Grains ground up for dyes rather than food?

by (22684) Updated October 20, 2010 at 6:42 PM Created October 20, 2010 at 3:02 PM

I can't find the anthropology paper, someone with better googlefu can help maybe.

There is evidence going back and even today that many ground grains seeds and plants were used as bases for Dyes rather than as food. Considering the difficulty to gather, process etc.

Millet and Sorghum are prime examples

This argument makes ancient ground grains suspect in my book and makes sense

Can you share any papers reports or studies for or against this idea?


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Ancient Dyes

Amaranth is so prominent an ancient dye, its a color. alt text

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2 Replies

18909 · October 20, 2010 at 6:42 PM

Sure lots of plants have been used as dyes.

Do you have any evidence that coloured millet and sorghum used for dyes are wild plants and not agricultural cultivars?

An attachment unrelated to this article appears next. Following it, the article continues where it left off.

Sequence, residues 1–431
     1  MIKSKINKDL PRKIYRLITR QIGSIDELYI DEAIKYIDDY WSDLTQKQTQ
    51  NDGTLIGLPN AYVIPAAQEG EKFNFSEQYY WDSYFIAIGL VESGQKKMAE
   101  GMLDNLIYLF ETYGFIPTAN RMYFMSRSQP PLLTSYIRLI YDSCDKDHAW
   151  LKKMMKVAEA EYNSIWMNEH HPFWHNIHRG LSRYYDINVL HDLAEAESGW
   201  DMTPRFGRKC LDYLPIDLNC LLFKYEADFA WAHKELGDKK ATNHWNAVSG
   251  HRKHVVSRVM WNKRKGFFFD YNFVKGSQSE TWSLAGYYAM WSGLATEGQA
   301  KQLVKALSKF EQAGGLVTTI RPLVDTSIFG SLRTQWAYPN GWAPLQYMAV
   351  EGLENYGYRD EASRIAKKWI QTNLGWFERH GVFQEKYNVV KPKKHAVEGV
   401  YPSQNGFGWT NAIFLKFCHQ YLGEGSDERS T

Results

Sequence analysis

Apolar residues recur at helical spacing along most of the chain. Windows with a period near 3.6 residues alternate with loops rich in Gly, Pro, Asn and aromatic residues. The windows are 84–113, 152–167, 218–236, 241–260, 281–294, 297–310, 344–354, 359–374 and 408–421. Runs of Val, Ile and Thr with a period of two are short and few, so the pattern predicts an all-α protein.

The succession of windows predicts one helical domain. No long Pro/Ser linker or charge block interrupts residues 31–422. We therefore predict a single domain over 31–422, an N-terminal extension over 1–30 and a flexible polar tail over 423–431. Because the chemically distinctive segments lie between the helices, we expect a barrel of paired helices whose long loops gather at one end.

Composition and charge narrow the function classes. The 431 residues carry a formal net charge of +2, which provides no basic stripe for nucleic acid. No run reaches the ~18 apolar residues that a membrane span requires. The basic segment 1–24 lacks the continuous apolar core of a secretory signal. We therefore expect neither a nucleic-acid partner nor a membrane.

Also I challenge you to make any coloured dyes from the plant roots the starches came from that were found in the recent study of ice age European flour processing everyone is talking about.

4888 · October 20, 2010 at 4:58 PM

Absolutely brilliant idea! And we know from cave paintings that colours were used. Also (can't remember where I read it, alas) there was an item about some 60,000 year old make up found - in a clam shell and made of hog lard mixed with dyes. One even had ground shell in it - the shiny part - to give glitter make up!

Nothing new in the world - except perhaps, the EATING of grains, rather than using them for personal adornment!

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